January 11, 2013
Could Life Actually Be Possible On Exomoons?
April Flowers for redOrbit.com - Your Universe Online
Astronomers searching for extraterrestrial life have begun to consider exomoons, or those likely orbiting planets outside our solar system, and new research has found that they are just as likely to support life as exoplanets.
RenÃ© Heller of Germany's Leibniz Institute for Astrophysics Potsdam and Rory Barnes of the University of Washington and the NASA Astrobiology Institute conducted the new study which is to be published in the journal Astrobiology.
Scientists know of about 850 extrasolar planets outside of our solar system. Most of these are sterile gas giants similar to Jupiter, while only a few have a solid surface and orbit their host stars in the habitable zone. The habitable zone is the circumstellar belt at the right distance to possibly allow liquid surface water and a benign environment.
The team approached the theoretical question whether such planets could host habitable moons. The universe is so large and varied, that there is no reason to assume that just because no such exomoons have been located yet that none will be.
Because moons are typically tidally locked to their planet, the climatic conditions expected on extrasolar moons will likely differ from those on extrasolar planets. One hemisphere of each moon would also face the host planet, similar to our own Moon. Moons have two sources of light — the star and the planet that it orbits — and are subject to eclipses that could significantly alter their climates, reducing stellar illumination.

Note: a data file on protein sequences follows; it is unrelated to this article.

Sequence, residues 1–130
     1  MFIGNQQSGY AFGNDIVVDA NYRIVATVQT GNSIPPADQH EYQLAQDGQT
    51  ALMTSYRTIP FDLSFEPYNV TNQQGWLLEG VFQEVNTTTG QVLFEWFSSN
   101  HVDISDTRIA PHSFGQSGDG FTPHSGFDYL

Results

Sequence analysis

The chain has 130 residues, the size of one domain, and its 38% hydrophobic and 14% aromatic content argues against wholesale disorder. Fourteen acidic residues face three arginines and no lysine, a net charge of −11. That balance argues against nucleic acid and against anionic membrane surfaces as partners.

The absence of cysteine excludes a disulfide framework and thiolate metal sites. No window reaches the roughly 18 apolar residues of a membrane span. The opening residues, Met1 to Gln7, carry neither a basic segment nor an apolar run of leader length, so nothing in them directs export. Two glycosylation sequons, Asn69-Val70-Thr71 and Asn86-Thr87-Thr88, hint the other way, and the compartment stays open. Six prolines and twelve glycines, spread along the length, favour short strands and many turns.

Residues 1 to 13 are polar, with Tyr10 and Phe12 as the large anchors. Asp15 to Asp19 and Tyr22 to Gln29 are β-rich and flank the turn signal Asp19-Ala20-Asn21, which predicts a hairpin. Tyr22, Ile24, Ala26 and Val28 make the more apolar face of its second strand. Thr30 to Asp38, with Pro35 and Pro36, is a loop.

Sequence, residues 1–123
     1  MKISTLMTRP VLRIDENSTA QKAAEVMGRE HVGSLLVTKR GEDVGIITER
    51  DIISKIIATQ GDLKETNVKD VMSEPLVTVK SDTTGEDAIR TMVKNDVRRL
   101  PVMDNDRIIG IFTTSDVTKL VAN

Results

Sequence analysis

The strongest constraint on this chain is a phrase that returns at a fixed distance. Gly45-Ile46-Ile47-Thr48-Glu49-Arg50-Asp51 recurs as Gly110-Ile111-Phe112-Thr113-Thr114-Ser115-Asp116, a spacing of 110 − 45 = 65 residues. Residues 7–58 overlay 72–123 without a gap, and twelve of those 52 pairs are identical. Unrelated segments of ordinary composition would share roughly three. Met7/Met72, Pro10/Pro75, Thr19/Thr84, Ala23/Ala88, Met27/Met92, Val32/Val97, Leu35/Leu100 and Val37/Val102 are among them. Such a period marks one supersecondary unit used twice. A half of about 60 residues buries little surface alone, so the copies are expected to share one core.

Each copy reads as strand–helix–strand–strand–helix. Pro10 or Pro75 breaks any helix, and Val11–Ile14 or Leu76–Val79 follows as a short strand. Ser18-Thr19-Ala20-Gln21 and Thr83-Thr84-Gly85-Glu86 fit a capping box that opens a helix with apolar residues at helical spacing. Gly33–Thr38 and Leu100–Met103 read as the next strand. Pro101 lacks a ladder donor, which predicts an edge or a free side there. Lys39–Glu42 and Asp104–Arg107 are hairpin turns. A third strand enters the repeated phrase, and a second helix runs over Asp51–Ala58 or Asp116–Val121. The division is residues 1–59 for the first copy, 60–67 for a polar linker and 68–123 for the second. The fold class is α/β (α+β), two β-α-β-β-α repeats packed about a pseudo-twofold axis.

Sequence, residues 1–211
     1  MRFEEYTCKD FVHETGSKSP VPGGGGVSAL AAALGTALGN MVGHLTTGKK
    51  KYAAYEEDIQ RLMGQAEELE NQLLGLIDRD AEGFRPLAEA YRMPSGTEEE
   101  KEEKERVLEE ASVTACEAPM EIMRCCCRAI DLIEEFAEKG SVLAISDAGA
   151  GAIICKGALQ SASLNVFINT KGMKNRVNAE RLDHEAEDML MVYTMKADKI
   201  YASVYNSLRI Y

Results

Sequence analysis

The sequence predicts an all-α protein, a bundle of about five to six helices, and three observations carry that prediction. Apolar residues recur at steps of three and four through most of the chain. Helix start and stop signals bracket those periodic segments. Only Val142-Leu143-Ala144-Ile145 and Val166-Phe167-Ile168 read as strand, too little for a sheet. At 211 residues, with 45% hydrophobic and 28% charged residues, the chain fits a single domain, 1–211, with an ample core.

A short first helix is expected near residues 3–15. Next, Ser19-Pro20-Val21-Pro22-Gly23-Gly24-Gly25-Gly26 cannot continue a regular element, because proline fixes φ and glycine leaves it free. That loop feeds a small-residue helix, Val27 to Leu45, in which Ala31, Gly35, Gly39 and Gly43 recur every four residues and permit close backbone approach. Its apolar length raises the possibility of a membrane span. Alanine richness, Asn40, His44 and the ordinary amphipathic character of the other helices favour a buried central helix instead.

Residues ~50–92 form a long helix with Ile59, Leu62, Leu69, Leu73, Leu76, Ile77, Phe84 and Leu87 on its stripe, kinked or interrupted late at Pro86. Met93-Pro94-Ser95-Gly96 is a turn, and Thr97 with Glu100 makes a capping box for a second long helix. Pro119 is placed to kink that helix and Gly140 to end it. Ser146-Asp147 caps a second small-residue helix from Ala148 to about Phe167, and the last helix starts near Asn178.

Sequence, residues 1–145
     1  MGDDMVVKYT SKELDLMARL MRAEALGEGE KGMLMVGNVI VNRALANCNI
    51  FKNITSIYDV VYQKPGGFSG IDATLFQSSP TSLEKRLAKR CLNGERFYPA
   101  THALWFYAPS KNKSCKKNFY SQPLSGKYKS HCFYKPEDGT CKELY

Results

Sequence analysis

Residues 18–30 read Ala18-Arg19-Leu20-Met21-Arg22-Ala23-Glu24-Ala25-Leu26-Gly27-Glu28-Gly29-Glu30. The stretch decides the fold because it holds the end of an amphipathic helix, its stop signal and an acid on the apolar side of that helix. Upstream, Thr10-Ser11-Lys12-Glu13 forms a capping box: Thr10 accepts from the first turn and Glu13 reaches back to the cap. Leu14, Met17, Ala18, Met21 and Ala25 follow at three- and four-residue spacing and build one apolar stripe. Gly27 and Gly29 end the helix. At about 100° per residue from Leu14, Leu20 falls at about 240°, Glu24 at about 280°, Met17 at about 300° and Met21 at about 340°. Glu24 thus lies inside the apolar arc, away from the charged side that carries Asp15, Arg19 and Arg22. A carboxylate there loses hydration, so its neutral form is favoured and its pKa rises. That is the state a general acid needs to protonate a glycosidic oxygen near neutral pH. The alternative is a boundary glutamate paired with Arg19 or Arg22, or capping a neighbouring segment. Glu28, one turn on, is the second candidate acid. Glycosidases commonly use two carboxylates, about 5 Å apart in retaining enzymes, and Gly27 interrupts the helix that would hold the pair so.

"An observer standing on the surface of such an exomoon would experience day and night in a totally different way than we do on Earth.” explained Heller. “For instance stellar eclipses could lead to sudden total darkness at noon.”
Tidal heating is another criterion for exomoon habitability. The moon's distance to its host planet triggers the additional energy source; the closer the moon to the planet, the stronger tidal heating. Strong tidal heating and thus a catastrophic runaway greenhouse effect that would boil away surface water and leave them forever uninhabitable will be suffered by moons that are too close to their host planet. The team devised a theoretical model to estimate the minimum distance a moon could be from its host planet and still allow habitability. They call this the "habitable edge," a concept that will allow future astronomers to evaluate the habitability of extrasolar moons. .
"There is a habitable zone for exomoons, it's just a little different than the habitable zone for exoplanets," Barnes said.